George Lucas is actually the only person to achieve the dream of creating wholly independent films, free from studio influence. He put his own money on the line to pay for the Star Wars sequels and as a result, he was able to maintain tight control, and make the movies he wants, without concession to the marketplace.

In looking at Star Wars, it's crucial to consider the fact that this was a low budget movie virtually every studio passed on before one guy at Fox agreed to finance it. It wasn't a project people wanted to make, and yet, it became the biggest box office hit of all time. The tragedy of Star Wars is that studios didn't see this as a sign that the process of auteur driven films was working. Lucas was left to do his own thing and it led to a hugely successful movie. He did the same thing on the sequel and it led to an even better movie that was also a huge success.

However, the success of Star Wars, Spielberg's movies and others, put the studios on better financial footing, so the era of experimentation was over. It's widely held that big corporations are going to take the most creative risks when they're not doing well financially, just look at ABC in this past TV season for an example of this, and then they retreat to conservatism when they become successful. So, the success of Star Wars is just one small piece of the move towards financial success that ultimately doomed risky auteur filmmaking. The major thing it did was make the studio aware of the kid audience, and as a result, they began to make movies that targetted the whole family instead of just adults, as most of the major 70s films did.

Generally speaking, I'm more a fan of adult targetted movies, but I think Star Wars is a great example of the sort of film that can show younger people the power of cinema. It's not a kids movie, it doesn't talk down to the audience, but it is accessible to people of all ages, and I know in my case and for many other people, it was the gateway to a lifelong love of cinema. Look at the films in the 90s indie film renaissance, they're full of references to Star Wars, in really strong films like Clerks, Swingers and Boogie Nights. So, the film that 'destroyed' 70s auteur cinema ultimately inspired the generation that would resurect it.

But, the 90s indie film movement was quite different in that those films were never really popular. American Beauty cleared 100 million dollars, but some of the best films ever made, like Magnolia, were financial failures, and even though American Beauty won best picture, the academy generally still favored more traditional movies, like Gladiator or Titanic. I don't think those films had the huge cultural impact that The Godfather or even Easy Rider did. Those films were on the forefront of a cultural revolution, but in the late 90s, they were basically just there, and more people were talking about Godzilla than about Magnolia. So, great films were still being made, they just weren't as culturally important as they were in the 70s.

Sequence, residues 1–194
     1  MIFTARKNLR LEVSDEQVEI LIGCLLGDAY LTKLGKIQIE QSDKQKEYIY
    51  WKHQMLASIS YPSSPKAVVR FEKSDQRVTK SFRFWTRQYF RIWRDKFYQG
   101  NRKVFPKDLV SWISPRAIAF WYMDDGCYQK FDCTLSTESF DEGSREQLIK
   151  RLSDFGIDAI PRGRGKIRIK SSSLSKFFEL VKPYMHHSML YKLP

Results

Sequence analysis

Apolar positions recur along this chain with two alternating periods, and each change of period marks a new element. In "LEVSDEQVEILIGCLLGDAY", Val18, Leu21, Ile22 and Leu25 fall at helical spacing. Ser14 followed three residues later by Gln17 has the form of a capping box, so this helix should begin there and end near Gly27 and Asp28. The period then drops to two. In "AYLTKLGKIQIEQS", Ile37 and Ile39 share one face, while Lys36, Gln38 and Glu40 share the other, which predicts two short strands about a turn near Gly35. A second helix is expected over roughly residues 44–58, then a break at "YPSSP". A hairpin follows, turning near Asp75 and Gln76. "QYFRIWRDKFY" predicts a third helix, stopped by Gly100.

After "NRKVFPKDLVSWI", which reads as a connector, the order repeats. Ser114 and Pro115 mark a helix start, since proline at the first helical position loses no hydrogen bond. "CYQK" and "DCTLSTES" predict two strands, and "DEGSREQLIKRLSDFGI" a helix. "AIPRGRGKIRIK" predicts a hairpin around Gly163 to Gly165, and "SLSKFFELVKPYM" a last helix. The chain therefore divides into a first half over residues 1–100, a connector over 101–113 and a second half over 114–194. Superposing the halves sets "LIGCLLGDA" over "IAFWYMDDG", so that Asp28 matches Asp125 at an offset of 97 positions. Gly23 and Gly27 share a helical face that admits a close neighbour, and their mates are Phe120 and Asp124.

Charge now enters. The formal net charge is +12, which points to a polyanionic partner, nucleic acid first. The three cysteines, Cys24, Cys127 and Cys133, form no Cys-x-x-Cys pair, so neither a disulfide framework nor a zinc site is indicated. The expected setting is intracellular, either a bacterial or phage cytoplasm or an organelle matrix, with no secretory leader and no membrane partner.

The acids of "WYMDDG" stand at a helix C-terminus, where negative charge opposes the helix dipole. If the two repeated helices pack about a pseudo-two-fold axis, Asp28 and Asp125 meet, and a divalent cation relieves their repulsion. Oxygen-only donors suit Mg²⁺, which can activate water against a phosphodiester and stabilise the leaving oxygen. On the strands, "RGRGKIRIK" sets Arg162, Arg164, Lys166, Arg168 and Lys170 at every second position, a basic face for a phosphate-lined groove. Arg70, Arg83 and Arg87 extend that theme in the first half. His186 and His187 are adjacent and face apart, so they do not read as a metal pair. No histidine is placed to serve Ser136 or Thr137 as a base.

The reason this is on my mind is because of all the articles about the record box office slump that's going on right now. There's all kinds of articles about how the films that are supposed to be blockbusters just aren't performing like they should, and I think this summer's going to represent the end of the old paradigm of what works at the box office. There's such a need to presell movies that we have essentially no original films in the summer movie season. Last week was Batman Begins, a film that did get good critical notices, but is a 're-imagining' of a movie that came out in 1989, just sixteen years ago. Next week is Bewitched and Herbie: Fully Loaded, two sixties retreads. In July we've got films from two of my favorite directors, but they're both remakes of seventies movies. These films will probably have big opening weekends, but they're not going to get repeat business, because there's not going to be good word of mouth. You don't need to get word out on Herbie: Fully Loaded because everything about it is right there, whereas a film that isn't presold is going to get more repeat business as word about it gets out.

So, perhaps this summer will represent a nadir of creativity and studios will realize that perhaps audiences would be more receptive to original stories in their blockbusters. In the 90s, even though movies like Independence Day may not have been the greatest cinema, at least they were original stories, not just remakes of existing properties. But, the combination of audience apathy and the increased prominence of DVD will hopefully create a revolution in the movie business, and lead to a new Golden Age, like the 70s.


Keith G said...

I just have to point and stare when you say the story for "Independence Day" is original. It isn't. It's War of the Worlds. And when it's not WotW, it's some scene or other lifted from a dozen other films. But basically it's WotW with a computer virus instead of a real one.

I think bemoaning the fact that Summer is filled with remakes and franchise films and old properties being recycled is fruitless. It's been that way for 30 years now and before that it existed in a different form.

And, ironically, this is the year that "War of the Worlds" is actually remade - in a way that justifies making remakes. Spielberg creates a thoroughly modern version without losing the essence of the story. And it comments on 2005 as much as the original novel commented on the turn of the 19th century.

Patrick said...

Yeah, Independence Day isn't an original film at all, but at least it isn't an adaptation of something else. Practically every major film that's out this summer is a remake of a movie or TV show that came before, and no matter how original they are, that still indicates such a lack of confidence in either the ability of filmmakers to develop original stories, or studios to market concepts that aren't presold.

War of the Worlds is actually one of the more original movies out this summer, because they basically take the title and premise of the book then do something different. But, it's the fact that it's in amongst so much weak retreaded material that caused me to insult it there. I hadn't seen the movie then, but after seeing it, I would call it a pretty much ideal summer movie.

I guess the point isn't that the movies are significatly less original, it's that a movie can't even just steal from another movie anymore, as in the case of say Speed from Die Hard, it's got to be an out and out remake.